Saturday, May 28, 2016

Prasar Bharati must get ad-free feed from private broadcasters, rules SC

The Supreme Court on Friday ruled that Prasar Bharati must get ‘clean’ feed — free from all embedded advertisements and commercial elements — from all private broadcasters.

A bench of Justices A K Sikri and P C Pant dismissed an appeal filed by broadcaster Star India Ltd against sharing clean feed with Prasar Bharati, which the court said, has the maximum reach.

The bench said that the purposive interpretation of the Sports Broadcasting Signals (Mandatory Sharing with Prasar Bharati) Act mandated that broadcasters were obligated to supply clean feed to the public broadcaster by removing sponsor logos and on-screen credits for telecast on Doordarshan.

The Act and the rules thereunder, said the court, made it amply clear that signals to be shared with Prasar Bharati by the content rights owner or holder are to be the best feed that is provided to the broadcast service provider in India and has to be free from advertisements.

It underlined that when live broadcasting signal with advertisements is shared with Prasar Bharati, those advertisements will have a much larger viewership but the benefit would accrue only to those who have booked the advertisements. Therefore, the court said, “the sharing of the signals has to be without any advertisements and if the advertisements are also to be included in the signals, there has to be sharing of the revenue.”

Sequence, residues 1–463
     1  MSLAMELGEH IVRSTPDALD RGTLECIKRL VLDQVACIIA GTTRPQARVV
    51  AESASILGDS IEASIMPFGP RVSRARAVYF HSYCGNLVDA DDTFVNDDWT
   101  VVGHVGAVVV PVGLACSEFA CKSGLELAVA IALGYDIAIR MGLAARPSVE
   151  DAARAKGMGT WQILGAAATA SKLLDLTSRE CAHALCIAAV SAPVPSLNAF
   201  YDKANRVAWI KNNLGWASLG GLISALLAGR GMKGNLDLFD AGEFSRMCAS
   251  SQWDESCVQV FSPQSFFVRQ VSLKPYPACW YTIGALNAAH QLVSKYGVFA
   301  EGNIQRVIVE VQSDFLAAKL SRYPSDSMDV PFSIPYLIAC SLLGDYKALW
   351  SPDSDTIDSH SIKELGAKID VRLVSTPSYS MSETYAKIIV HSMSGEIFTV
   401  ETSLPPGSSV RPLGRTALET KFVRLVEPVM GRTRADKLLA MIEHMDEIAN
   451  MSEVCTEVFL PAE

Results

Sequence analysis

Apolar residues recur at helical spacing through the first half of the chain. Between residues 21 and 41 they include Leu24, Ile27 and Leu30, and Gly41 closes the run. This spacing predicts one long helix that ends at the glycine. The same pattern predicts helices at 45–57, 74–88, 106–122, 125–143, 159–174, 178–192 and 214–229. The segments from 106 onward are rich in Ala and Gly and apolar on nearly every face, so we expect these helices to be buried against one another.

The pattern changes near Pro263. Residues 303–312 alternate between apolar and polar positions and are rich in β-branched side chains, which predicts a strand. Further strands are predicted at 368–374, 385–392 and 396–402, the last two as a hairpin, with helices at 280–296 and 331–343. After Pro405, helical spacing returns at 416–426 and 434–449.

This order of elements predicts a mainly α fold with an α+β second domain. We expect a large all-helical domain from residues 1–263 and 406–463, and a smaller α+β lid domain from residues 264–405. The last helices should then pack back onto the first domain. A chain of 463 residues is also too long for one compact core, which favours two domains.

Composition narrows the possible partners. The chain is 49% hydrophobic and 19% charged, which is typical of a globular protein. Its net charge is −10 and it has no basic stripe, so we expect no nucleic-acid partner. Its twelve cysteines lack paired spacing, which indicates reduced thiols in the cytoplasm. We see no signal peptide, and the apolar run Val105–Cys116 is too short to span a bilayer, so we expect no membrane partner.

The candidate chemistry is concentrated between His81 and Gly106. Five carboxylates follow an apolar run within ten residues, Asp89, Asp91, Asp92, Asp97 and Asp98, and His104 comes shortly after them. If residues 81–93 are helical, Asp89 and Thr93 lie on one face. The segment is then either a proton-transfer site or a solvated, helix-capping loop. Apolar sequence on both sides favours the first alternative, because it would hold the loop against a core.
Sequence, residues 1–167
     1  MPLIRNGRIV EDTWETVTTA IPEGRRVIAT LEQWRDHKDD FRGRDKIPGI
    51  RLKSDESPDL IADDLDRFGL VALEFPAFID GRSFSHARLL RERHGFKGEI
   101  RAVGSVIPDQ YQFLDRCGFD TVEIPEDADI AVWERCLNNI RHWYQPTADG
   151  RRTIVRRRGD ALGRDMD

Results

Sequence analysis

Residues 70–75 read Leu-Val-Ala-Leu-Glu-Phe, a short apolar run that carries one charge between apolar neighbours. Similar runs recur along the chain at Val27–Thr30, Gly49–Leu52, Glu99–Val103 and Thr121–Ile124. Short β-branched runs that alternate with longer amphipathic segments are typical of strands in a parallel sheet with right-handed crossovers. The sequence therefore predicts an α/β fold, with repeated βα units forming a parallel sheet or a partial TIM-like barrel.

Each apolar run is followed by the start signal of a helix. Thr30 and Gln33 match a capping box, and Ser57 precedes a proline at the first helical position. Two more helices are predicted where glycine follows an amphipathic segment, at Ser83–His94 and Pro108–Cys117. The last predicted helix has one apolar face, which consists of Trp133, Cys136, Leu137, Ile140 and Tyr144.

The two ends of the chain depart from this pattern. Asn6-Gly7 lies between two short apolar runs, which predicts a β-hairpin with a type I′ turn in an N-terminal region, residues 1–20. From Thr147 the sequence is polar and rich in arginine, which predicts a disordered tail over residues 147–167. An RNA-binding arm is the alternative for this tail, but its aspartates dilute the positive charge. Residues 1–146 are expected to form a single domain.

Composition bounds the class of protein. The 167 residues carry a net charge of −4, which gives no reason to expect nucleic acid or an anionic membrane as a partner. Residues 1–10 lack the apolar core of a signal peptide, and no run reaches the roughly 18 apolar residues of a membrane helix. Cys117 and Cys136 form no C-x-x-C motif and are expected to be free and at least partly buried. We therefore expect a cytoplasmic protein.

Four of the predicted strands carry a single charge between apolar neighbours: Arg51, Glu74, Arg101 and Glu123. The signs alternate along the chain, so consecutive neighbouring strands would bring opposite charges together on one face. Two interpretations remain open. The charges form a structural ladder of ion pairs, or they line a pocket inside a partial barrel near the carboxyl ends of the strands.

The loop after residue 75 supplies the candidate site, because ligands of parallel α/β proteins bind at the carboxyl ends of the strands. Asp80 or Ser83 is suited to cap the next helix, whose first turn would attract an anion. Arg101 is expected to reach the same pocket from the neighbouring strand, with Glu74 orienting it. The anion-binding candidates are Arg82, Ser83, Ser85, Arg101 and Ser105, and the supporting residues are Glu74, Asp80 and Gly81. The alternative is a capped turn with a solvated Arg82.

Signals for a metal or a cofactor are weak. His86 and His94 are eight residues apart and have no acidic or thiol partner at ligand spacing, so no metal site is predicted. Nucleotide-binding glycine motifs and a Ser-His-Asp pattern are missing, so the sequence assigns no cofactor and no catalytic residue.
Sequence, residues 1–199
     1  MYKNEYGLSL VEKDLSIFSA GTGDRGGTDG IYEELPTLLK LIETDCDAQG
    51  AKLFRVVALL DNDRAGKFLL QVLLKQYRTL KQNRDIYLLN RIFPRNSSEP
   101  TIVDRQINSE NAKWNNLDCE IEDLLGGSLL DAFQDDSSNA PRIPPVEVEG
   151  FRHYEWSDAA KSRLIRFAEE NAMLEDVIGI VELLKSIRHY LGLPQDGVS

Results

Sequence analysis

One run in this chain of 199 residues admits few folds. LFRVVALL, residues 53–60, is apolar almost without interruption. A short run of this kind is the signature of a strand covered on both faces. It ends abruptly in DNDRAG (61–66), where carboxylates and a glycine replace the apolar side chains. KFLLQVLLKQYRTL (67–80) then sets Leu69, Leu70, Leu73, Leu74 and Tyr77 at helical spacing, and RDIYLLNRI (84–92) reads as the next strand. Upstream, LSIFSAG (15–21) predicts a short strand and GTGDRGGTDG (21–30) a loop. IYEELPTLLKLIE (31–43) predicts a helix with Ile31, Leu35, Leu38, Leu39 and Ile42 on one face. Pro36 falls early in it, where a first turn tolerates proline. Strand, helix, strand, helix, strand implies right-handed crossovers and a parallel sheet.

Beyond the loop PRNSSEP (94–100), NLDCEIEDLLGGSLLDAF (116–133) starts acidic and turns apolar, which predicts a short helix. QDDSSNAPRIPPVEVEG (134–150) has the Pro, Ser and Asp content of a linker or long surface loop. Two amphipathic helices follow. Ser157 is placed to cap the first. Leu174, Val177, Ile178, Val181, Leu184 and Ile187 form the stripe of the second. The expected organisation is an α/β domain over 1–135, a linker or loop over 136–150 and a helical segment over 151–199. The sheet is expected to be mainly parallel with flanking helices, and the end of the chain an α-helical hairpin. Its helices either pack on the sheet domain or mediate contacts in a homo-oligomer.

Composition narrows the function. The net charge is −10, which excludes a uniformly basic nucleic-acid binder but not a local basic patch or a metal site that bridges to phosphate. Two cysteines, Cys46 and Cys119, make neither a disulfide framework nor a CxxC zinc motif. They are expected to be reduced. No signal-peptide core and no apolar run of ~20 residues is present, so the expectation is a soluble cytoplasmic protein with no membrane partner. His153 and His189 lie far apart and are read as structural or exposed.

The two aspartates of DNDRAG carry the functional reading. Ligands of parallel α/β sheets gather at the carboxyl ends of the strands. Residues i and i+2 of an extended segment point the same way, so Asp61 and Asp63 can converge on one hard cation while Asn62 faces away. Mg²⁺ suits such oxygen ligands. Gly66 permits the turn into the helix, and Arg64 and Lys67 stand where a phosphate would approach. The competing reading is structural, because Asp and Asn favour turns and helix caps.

Star India had approached the apex court against a 2013 Delhi High Court ruling which dismissed an ESPN Software Pvt Ltd plea for a declaration that its responsibility was to share feed received from organisers, which would include advertisements, logos and other on-screen credits during the game.

According to a 2007 rule, private broadcasters such as Star India must share coverage of sports events of national importance with the state-owned Prasar Bharati, without advertisements.

Prasar Bharati had earlier demanded clean feed from Star India. Star India contended that this rule would impact not only cricket but other sporting events like tennis and hockey.

Star India earlier argued that if a Wimbledon match had to be aired in the country whose official sponsor is Rolex SA, the present scheme would require Rolex names to be removed, which was unlikely. At present, Star India holds the rights to broadcast cricket events organised under the International Cricket Council in India.

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